• The external analysis at the introduction stage will focus on consumers’ interest in subscriptions and access-based solutions. The manufacturer needs to understand the whole ecosystem of touchpoints shaping consumer experience.

  • At the growth stage, participants need to be attracted. The manufacturer may not face huge problems attracting adopters from his vast user base with strong brand attachments. However, the company may subsidize the supply side.

  • At the expansion stage, it can finally strive to convert its regular user base of product buyers to service subscribers. The company will further continue to attract complementary product suppliers.

  • At the maturity stage, the company will transfer its experience in product quality management to its subscription service. Access-based consumption requires different first-level support, and customers have different expectations. In contrast to the baseline scenario and alternative scenario 1, the manufacturer will not lose consumers’ brand attachment but rather extend it (Figure 2).

Our implication analysis addresses manufacturers’ transformation to subscription platforms. Manufacturers should use their large customer bases, foster customer relationships and capture data for personalization. They should bundle different products and offer one-stop solutions, creating a pull situation for other partners to join (Accenture, 2016). However, we consider an iconic brand and a critical number of users as the main prerequisites.

Discussion

The rising market power of established platforms led us to a baseline scenario where these platforms enter the market of subscriptions for durable goods. They rely on large user bases and build on sophisticated platform know-how but lack category knowledge. Strong manufacturers can gain influence and get promoted as core brands. Moderately strong brands might strive to become ingredient brands, while weak brands could become private label suppliers. As scenarios are built on uncertainties, we developed an alternative scenario 1, describing the market entry of new platforms. New players will have small user bases with little brand attachment and low negotiation power. Therefore, the chances for strong manufacturers to benefit are even higher. Again, moderately strong brands can follow an ingredient brand strategy, whereas weak brands can deliver private labels. The uncertainties uncovered via baseline analysis further questioned the viability of any retail platform. This led us to an alternative scenario 2, describing the rise of manufacturer brand platforms that build on large user bases along with high brand attachment. We consider alternative scenario 2 the most challenging – but also the one with the highest potential for the future of brands in a market where identities are dissolving (Table 2).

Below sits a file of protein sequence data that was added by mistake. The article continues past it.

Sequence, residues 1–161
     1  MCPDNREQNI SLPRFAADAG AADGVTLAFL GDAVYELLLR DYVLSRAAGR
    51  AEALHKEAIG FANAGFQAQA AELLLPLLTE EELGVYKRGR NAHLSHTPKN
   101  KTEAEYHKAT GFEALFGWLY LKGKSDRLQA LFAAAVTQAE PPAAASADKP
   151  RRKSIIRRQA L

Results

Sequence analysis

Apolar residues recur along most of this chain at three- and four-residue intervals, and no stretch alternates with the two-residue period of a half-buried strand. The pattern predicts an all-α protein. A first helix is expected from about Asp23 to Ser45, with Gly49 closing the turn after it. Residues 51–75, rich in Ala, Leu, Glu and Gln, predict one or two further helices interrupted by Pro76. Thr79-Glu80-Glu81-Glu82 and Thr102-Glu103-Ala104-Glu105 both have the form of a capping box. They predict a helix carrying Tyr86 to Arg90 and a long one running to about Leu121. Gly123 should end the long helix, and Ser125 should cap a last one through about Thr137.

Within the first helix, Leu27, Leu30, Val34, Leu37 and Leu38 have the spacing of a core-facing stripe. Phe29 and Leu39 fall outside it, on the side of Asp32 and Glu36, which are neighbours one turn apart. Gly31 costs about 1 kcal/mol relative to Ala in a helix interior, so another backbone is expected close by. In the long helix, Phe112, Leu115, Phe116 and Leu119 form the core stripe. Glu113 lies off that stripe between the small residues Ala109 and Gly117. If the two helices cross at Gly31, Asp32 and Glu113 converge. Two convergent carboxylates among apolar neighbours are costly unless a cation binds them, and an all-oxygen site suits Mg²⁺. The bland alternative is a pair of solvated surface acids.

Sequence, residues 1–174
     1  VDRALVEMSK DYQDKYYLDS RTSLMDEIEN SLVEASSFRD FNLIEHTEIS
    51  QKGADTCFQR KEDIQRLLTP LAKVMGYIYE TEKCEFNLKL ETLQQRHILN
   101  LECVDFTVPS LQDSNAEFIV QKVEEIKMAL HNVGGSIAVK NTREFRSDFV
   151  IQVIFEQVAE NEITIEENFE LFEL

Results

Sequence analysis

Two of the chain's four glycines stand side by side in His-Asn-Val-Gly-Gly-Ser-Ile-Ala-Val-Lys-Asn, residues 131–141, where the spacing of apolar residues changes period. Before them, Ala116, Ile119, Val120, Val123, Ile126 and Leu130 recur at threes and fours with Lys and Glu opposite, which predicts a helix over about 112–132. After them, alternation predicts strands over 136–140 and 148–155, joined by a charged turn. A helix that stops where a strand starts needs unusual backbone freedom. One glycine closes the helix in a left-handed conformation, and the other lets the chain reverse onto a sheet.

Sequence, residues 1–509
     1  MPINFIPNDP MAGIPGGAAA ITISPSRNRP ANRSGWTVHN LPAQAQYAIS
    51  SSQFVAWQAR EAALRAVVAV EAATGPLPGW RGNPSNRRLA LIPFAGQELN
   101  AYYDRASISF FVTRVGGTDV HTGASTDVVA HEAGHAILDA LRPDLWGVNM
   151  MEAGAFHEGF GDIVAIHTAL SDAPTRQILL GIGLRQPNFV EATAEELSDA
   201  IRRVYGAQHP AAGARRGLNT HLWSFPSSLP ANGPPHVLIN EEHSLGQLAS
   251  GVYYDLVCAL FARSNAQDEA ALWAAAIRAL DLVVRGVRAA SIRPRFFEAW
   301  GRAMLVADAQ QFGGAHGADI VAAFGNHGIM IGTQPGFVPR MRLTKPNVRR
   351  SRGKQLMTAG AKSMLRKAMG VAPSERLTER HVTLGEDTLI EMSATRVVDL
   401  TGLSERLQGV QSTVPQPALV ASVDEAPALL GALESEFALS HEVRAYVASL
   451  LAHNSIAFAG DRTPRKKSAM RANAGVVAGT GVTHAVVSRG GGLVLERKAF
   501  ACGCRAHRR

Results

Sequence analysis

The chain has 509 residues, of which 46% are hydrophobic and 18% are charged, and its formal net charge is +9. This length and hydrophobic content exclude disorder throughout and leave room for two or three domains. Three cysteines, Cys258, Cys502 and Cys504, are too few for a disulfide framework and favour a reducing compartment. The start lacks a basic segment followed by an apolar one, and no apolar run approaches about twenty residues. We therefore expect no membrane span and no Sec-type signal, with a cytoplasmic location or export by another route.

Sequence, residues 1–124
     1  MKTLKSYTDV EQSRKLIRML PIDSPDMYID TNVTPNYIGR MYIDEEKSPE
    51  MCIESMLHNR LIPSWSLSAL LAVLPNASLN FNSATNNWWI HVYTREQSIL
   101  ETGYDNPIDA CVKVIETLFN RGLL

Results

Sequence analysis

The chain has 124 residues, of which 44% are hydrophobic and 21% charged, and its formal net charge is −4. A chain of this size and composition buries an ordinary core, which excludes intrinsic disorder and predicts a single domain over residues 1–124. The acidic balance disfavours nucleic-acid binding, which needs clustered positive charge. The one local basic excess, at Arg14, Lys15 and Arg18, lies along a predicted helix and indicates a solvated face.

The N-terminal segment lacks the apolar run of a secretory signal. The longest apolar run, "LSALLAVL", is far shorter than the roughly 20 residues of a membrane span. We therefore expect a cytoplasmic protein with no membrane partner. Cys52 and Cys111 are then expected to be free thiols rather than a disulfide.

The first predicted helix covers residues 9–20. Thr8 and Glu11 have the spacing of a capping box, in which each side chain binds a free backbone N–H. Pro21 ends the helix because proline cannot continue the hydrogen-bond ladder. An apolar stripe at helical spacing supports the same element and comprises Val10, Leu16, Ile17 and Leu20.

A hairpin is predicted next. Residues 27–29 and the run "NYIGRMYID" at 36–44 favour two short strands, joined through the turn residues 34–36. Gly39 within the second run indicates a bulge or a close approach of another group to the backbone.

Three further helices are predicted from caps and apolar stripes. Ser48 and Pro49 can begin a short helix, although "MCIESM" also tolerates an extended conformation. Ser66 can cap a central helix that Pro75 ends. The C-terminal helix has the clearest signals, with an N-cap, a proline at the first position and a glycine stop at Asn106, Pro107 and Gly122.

Conclusion

This conceptual article contributes to research in several ways. First, it addresses current developments in subscription models and adds the context of subscriptions for durable consumer goods. Second, it enriches the discussion of access-based consumption models by applying a scenario approach. Finally, it adds to the increasing focus on platform business models and addresses the role of traditional manufacturer brands.